BY ASHLEY BRUGNONE, CMP STAFF WRITER
“Ah, yes – the old huts and the tornado-damaged Mess Hall. Drawing linens from the military, and the wonderful bathrooms. Those were the days…”
For Doug Stahl, 68, of Ferndale, Mich., not every memory of the National Rifle and Pistol Matches at Camp Perry is glamorous, but that doesn’t mean he wouldn’t gladly live it all again if he had the chance.
His interest in Camp Perry, located in Port Clinton, began after seeing it highlighted in an issue of the American Rifleman magazine, back in the 1970s. Though he didn’t immediately jump on the opportunity to make the trek to the shores of Lake Erie, where Camp Perry is located, Stahl stowed the place in his mind for another day.
A firearm lover, he purchased his first M1A rifle in 1972 – a Devine, Tex., version – and wanted to test its accuracy at longer distances. Unfortunately, his desire was stifled by the 100-yard limit of the public ranges around his home.
Stahl thought back to the ad he had seen and, with an insatiable itch to really see what his rifle could do, decided to make the details fresh in his mind.
“Things were a lot different then,” he said.
Pulling onto the historic National Guard base for the first time – checking in for housing across from the large Mess Hall in the building where he also drew his linens. Housing consisted of the original World War II Prisoner of War huts that stood in steady rows across the base.
“The huts were in various states of condition and, unlike today, you may have had random roommates,” he explained. “The bathrooms were basically not configured for any privacy, with gang showers and open commode stalls. It was very spartan accommodations.”
The redeeming quality of having to endure the lack of privacy was the base’s Mess Hall, which Stahl said featured decent meals for an inexpensive price. Guests to the Camp Perry post could also see a movie in the famous Hough Auditorium, on occasion.
As for matches, Stahl signed up for the Small Arms Firing School and President’s Rifle event, where he would finally be able to stretch his rifle’s reach to 200, 300 and 600 yards.
“I suppose what kept me returning was both the opportunity to shoot at longer distances and the personal challenge of improving my shooting at those distances,” he said. “Then, too, there is the interaction with other shooters and hearing some of their stories and experiences.
“One can easily pick up pointers on shooting, but just as easily learn bad habits,” he teased.
The years went on, and Stahl’s son, Andrew, began tagging along for the Camp Perry experience, starting in 1990 when he was just eight years old. He wasn’t of the required age to shoot at the time, but Andrew still kept his eye on his father, waiting for the day when he could get behind the trigger himself.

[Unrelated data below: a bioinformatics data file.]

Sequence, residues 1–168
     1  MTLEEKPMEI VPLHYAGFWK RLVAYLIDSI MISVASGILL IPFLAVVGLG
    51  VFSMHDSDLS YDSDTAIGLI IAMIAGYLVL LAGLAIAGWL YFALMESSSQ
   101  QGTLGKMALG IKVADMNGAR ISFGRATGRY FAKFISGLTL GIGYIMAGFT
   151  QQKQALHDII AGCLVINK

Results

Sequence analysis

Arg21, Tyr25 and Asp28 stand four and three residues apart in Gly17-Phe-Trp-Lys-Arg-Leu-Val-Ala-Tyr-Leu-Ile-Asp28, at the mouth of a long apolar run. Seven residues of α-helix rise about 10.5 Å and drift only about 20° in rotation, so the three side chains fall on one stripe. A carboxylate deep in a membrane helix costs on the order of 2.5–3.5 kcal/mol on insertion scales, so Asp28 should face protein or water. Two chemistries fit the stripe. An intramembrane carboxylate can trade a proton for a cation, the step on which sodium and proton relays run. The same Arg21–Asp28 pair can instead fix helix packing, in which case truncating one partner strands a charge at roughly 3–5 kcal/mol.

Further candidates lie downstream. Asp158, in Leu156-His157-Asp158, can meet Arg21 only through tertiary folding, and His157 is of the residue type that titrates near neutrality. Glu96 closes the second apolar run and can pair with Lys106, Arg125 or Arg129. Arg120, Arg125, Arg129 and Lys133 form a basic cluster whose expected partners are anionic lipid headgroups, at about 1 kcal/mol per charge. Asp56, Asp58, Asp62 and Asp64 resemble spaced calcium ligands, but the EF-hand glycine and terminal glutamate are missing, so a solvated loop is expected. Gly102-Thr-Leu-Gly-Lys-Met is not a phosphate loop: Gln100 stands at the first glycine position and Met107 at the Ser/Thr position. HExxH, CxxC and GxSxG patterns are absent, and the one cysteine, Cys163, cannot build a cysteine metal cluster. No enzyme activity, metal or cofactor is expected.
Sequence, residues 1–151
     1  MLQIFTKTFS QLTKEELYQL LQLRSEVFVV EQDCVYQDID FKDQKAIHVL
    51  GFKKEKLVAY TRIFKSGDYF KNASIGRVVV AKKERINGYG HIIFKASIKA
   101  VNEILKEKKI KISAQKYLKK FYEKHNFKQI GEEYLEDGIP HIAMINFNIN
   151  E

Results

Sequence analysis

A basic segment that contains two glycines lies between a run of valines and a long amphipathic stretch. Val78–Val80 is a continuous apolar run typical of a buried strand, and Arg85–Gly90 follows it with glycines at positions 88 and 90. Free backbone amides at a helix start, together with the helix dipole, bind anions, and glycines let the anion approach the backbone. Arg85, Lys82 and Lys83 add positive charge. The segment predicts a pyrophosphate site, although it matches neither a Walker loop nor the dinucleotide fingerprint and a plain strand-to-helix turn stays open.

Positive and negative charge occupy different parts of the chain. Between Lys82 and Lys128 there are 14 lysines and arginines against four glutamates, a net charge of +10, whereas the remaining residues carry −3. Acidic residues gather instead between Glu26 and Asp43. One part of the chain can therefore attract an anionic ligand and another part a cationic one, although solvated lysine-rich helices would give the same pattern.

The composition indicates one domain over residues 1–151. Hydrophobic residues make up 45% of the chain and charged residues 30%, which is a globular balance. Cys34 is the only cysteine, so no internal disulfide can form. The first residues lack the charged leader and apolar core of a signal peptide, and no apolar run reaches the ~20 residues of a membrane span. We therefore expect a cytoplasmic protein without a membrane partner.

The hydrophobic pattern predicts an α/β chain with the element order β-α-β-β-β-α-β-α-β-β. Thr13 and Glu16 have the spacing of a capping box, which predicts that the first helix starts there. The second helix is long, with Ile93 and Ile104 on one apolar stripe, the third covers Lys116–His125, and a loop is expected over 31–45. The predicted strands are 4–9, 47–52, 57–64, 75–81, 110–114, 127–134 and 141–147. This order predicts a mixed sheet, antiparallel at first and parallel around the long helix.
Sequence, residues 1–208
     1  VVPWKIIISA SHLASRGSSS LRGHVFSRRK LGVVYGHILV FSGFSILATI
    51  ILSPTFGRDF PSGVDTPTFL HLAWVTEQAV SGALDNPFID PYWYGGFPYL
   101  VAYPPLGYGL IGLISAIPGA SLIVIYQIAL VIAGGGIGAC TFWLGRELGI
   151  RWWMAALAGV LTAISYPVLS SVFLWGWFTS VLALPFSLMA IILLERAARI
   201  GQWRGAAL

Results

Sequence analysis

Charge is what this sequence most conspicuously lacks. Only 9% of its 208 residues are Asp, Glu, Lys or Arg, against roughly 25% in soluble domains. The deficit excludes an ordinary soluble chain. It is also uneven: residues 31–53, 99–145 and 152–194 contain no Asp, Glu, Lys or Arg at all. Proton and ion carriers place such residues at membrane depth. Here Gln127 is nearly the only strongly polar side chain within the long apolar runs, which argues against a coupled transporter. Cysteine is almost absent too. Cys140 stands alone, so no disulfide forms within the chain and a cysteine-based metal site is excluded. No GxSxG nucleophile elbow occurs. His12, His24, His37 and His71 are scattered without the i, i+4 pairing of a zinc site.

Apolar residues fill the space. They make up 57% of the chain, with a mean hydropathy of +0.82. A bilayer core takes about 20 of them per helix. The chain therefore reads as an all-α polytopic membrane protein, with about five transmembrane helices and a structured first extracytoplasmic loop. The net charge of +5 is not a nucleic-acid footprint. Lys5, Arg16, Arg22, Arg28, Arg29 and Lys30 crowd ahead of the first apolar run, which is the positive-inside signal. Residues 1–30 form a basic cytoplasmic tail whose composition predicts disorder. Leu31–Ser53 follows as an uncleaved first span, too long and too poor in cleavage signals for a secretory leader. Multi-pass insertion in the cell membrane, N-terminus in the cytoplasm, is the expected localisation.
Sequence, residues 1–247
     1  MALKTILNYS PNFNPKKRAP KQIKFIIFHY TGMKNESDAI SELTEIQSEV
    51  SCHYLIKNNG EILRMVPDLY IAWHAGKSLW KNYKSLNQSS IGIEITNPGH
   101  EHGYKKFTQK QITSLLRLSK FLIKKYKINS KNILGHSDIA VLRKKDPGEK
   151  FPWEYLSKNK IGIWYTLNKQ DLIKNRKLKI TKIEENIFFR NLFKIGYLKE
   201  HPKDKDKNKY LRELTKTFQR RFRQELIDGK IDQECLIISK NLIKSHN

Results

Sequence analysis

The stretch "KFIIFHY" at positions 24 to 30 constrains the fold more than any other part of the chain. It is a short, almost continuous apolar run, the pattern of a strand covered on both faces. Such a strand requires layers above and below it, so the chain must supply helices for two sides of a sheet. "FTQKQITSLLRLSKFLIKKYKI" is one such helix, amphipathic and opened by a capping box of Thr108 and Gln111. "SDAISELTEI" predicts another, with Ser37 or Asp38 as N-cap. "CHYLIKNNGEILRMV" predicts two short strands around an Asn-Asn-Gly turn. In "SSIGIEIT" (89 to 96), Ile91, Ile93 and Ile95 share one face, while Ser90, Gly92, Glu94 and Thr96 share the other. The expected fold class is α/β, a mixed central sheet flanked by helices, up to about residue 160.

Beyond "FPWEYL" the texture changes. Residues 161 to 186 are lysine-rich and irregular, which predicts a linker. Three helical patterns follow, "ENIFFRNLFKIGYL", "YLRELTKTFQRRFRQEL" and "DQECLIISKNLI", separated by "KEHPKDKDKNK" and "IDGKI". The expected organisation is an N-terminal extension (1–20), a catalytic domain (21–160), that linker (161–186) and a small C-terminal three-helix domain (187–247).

Eventually, that day came, and the two began signing up for more and more events at the National Matches, like the M1 Carbine and Garand matches. Stahl said being able to make the trip to Camp Perry allowed time together with his son while also developing a traditional father-son competition that seemed inevitable as Andrew grew older.
In more recent years, the pair has taken on the M1A match as well. Sadly, no matter how hard he tries, Stahl just can’t seem to get Andrew interested in the vintage M1903 Springfield rifle (but, he’s not giving up on that dream quite yet).
“I like the challenge of the ‘03 match, personally,” Stahl admitted. “Frankly, (as far as events) I pretty much enjoy them all.”
Anyone who has ever been to the National Matches knows a few of the aspects that are more challenging than hitting the target are the unpredictable summer elements and the disturbances of nature (and boating tourists) that can arise on match days.
“Between the sweltering heat, the pouring rain, heavy fog, the mayflies, the mosquitos and pit duty, we have experienced interesting conditions,” Stahl said.
He spoke of one year when the fog was so thick, targets were hidden for more than an hour into the scheduled time of the match. Another year, it was so wet that there was standing water between the ready line and the firing line – with some competitor rifle stocks swelling up from the humidity and unable to fire.
Cease fires on the ranges for boats creeping into the impact area of the lake located directly behind the Camp Perry target line and bald eagles soaring along the shore are also common disruptions on match days – but, it’s all part of the rustic, yet unquestionably enjoyable, National Matches experience.
Stahl and his son, Andrew, have invited others to join them on their annual trip over the years, including Andrew’s college housemates and even his mom and sisters – some more indifferent (but graciously tolerant) than others.
“My wife and daughters were less than impressed with the accommodations,” he joked. “Especially when on one occasion, someone tried to hook up an air conditioner in one of the huts and blew out the power for the whole row.”
His wife, Dorothy, eventually attended the Pistol Small Arms Firing School with him in 2017. As part of the deal, they didn’t stay in the huts.
Whether hooked for life or leaving it to a once-in-a-lifetime experience, it’s undeniable that the National Matches leaves a lasting effect on everyone. From the most experienced competitor to those simply giving marksmanship a try, there’s a place reserved for them on the ranges of Camp Perry (and, they might even have a little fun).